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Hospital food getting better


An independent review of National Health Service catering in England before the pandemic highlighted the need to bring together catering, dietetics and nursing to help improve nutritional outcomes for patients. More than a year on, Elly Earls find out how the report’s recommendations are being implemented


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efore the Covid-19 pandemic, it was clear that hospital catering in England wasn’t meeting the needs of patients, visitors and staff. Stereotypes of bland, reheated slop hadn’t come out of thin air, even if things had


improved significantly, particularly on the patient feeding front, with 58% of those surveyed in 2019 rating the food they received as good or very good. The same survey revealed that 39%


of National Health Service (NHS ) staff felt the food and catering facilities offered in their workplaces were poor, with complaints including lack of access to healthy food choices and options that meet their dietary requirements as well as closed restaurants on weekends and Bank Holidays. It was against this backdrop that Philip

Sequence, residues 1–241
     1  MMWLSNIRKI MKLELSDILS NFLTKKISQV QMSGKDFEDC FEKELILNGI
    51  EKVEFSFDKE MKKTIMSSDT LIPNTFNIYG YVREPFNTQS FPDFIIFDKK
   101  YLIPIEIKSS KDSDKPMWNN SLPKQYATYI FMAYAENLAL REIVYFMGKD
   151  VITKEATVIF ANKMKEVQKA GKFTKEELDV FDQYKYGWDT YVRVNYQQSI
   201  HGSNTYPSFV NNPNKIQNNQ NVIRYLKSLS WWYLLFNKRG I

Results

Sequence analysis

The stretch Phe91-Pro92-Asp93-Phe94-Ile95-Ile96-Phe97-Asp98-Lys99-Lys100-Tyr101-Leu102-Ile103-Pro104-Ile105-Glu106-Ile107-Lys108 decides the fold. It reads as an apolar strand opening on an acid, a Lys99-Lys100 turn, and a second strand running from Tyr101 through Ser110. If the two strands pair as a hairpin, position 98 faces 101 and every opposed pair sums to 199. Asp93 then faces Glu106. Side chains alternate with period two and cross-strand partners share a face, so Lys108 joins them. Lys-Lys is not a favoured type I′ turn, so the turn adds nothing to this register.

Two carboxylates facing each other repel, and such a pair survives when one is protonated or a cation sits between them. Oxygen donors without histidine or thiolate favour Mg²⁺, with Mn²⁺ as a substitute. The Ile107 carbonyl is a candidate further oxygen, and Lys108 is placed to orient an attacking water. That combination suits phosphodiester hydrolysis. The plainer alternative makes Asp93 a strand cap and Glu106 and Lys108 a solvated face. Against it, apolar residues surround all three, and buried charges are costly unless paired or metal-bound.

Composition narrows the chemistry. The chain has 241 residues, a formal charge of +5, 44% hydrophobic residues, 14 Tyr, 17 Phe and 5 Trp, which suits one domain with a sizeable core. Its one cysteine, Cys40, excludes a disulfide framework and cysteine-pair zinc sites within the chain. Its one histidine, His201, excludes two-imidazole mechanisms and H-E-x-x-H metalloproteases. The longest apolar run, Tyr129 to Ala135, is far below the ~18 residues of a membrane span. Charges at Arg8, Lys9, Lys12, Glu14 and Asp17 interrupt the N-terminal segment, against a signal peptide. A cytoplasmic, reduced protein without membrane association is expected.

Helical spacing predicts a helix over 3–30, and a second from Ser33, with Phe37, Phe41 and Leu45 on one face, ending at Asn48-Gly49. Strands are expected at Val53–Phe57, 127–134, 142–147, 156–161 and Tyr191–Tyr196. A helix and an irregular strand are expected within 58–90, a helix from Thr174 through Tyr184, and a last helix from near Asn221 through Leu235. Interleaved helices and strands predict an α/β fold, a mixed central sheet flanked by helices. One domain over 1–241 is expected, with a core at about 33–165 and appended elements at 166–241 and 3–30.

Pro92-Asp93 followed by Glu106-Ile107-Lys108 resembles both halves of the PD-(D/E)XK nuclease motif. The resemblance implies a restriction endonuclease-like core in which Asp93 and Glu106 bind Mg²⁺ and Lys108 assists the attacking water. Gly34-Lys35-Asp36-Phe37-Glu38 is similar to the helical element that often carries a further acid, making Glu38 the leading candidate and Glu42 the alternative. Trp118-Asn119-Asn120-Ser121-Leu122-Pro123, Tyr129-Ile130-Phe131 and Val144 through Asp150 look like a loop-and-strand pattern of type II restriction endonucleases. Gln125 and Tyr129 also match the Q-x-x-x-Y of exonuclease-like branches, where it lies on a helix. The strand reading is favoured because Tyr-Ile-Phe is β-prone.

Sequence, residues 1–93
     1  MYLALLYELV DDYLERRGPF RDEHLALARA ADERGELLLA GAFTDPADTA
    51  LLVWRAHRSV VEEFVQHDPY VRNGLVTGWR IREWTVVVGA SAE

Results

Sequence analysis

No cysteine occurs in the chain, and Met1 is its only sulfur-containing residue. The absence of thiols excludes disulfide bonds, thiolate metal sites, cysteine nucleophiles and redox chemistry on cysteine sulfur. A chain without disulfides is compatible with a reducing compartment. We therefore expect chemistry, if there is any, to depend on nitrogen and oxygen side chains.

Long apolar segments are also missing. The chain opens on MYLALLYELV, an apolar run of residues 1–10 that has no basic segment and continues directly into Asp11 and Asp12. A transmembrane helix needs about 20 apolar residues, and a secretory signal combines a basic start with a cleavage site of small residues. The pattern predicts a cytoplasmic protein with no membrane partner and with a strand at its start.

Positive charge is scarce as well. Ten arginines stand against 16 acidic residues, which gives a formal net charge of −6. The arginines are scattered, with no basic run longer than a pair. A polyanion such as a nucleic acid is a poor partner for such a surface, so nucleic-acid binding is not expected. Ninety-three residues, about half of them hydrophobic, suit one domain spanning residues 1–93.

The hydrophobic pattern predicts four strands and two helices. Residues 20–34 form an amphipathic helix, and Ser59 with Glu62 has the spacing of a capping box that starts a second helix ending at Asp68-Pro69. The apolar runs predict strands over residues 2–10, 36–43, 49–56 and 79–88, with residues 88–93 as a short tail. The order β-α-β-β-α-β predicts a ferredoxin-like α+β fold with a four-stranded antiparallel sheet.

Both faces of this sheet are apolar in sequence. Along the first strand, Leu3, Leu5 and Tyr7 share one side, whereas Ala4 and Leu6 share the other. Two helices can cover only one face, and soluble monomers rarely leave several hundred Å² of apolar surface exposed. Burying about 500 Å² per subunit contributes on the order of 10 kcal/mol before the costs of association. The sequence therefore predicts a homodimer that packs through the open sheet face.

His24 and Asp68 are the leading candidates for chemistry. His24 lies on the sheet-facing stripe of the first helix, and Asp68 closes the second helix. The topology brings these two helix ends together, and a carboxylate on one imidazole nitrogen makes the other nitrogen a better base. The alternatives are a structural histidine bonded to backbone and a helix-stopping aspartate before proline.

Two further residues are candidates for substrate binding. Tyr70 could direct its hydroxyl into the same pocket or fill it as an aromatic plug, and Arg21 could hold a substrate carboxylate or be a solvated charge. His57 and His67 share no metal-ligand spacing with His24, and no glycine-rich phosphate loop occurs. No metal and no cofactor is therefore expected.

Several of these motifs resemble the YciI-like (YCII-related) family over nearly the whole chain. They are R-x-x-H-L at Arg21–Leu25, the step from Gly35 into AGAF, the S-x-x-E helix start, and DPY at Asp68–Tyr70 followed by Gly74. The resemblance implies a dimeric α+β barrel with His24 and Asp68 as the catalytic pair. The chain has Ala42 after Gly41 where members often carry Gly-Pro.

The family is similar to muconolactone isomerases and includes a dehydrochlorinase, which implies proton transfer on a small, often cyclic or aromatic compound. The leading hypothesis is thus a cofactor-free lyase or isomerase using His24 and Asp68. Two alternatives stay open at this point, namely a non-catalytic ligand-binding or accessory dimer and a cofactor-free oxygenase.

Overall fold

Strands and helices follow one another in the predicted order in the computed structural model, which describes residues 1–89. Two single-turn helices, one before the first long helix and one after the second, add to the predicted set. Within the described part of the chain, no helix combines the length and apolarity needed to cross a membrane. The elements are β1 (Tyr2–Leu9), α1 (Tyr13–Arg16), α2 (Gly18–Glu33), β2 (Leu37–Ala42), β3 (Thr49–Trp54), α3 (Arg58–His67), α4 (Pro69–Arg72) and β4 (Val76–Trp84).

Shelley, formerly of Taunton and Somerset NHS Foundation Trust, and celebrity chef Prue Leith decided to lead a sprawling


independent review into the challenges of catering within the NHS including recommendations on how they could be better addressed. The report was released in March 2020.


And while the pandemic that followed immediately afterwards could have resulted in hospital food being dropped even further down the list of priorities than in previous years – arguably the NHS had more important concerns – the hope of the report authors is that the opposite will happen. If anything, they stressed, Covid-19 has highlighted the importance of good nutrition to the health outcomes, recovery and rehabilitation of patients, as well as the wellbeing of staff who have had to work in even more stressful and difficult circumstances than usual.


They also argued that with a median


spend of £4.56 per patient meal, including labor costs and overheads, exceeding the budget of meals offered by other English


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